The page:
The pupils sit down in the lecture hall. The tables squeak, there is a talk to listen to and an audio-visual to watch. So far, so like school.
But before any hint of boredom can creep across their faces, a film featuring white-knuckle bicycle stunts, people kayaking downstairs and a taped-up student emerging from a wheelie-bin soon has everyone's attention.
"It's not all hard slog and study," says Stewart Laing, a sports and science PhD student at University of Wales, Bangor. "That's the film one student made of his last year here."
The Year 10 pupils from Rhyl high school are clearly won over. They have already spent a night in the halls of residence, breakfasted in the refectory and visited the students' union as part of this residential introduction to university.
Coming from a school in one of Wales's most socially deprived towns, many are being brought up by single parents and others are from families with no tradition of higher education.
A high rate of transience, with many pupils originating from the north-west of England and the Midlands, means some do not start and finish their education in the same school.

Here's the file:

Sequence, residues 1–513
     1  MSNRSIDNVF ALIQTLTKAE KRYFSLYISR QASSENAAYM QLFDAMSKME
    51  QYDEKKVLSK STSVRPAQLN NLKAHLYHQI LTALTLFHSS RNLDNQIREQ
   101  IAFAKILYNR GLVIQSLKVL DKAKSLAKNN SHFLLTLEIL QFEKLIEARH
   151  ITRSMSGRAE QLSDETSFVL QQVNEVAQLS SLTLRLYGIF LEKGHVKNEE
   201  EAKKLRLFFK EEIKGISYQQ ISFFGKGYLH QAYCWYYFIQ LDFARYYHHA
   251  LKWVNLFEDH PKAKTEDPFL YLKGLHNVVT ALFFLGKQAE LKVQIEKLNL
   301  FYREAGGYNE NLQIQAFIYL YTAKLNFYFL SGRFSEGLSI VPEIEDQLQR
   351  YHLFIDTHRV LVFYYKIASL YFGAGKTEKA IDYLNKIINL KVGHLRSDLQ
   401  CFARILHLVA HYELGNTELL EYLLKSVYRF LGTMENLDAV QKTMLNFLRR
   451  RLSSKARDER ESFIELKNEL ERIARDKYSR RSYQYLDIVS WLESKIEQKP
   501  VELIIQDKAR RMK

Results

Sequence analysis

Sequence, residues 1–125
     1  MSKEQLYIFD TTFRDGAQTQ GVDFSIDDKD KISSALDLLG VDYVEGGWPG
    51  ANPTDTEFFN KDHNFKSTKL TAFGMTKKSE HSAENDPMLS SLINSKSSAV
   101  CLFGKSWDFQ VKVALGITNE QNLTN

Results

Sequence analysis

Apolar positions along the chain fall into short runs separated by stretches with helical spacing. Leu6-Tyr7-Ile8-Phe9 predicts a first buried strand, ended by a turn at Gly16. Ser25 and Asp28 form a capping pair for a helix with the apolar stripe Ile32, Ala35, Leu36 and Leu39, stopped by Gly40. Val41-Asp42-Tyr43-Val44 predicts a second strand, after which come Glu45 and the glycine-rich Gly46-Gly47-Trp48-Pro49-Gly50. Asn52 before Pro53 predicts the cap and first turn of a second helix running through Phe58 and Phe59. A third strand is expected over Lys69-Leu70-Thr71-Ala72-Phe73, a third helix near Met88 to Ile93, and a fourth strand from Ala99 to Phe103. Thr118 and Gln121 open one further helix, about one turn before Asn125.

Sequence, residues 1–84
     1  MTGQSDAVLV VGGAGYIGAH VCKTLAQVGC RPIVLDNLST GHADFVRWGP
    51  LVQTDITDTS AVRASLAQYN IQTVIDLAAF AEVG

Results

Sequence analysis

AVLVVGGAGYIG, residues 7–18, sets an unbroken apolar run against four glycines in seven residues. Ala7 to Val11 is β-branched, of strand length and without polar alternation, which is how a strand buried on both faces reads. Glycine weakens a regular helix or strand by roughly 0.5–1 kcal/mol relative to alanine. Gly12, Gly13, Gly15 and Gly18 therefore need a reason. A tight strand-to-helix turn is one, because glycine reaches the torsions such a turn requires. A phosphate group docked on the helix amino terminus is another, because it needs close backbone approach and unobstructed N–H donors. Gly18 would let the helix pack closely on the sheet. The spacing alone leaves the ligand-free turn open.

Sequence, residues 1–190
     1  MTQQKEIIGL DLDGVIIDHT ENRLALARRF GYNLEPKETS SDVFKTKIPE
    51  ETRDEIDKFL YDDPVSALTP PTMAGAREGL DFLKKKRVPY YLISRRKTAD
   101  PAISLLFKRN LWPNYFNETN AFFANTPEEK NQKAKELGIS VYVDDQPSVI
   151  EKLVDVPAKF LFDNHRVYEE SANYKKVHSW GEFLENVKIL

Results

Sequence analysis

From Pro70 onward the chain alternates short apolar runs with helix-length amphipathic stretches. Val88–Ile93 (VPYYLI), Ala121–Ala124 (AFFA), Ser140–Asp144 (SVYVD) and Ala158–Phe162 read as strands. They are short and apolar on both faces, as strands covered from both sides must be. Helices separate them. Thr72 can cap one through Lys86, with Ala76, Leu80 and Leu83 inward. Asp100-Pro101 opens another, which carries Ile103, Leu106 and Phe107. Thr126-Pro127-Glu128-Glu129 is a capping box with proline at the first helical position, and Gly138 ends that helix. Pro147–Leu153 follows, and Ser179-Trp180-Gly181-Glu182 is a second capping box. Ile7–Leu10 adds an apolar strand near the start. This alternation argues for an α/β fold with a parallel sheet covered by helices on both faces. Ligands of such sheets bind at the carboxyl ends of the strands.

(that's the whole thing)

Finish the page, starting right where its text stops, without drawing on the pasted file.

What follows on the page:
These are exactly the children Bangor's talent opportunities programme is aimed at. Begun in 1998, it was acclaimed recently as a model of good practice for raising the aspirations of young people who might otherwise never consider higher education.
Rhyl is one of eight schools across north Wales involved in the scheme.
Currently, 63 per cent of their pupils go on to higher education, rising to 70 per cent after a gap year.
Erika Kendrick, acting head of Y10, says: "For some who were borderline before they came, it's given them an added incentive to apply for university. It's also given them an idea of what the life is like. Some have never slept in a room on their own before and were quite nervous about it."
The 80-strong group of 14-year-olds visited departments including modern languages and law. And in the sports science labs they were treated to the sort of performance tests wannabe Olympians are put through.
"I wasn't sure about what I was going to do, but coming here has made me interested in doing law," says Amy Griffiths, 14, who would be the first in her family to go to university. "It looks like you can have a good time.
And it's easier to get a job with a degree."
That might not be quite the case for Jamie Beattie, 14, who wants to be a professional footballer.
"But a sport science degree would help," he says, as his classmates charge up and down the gym trying to beat their own times.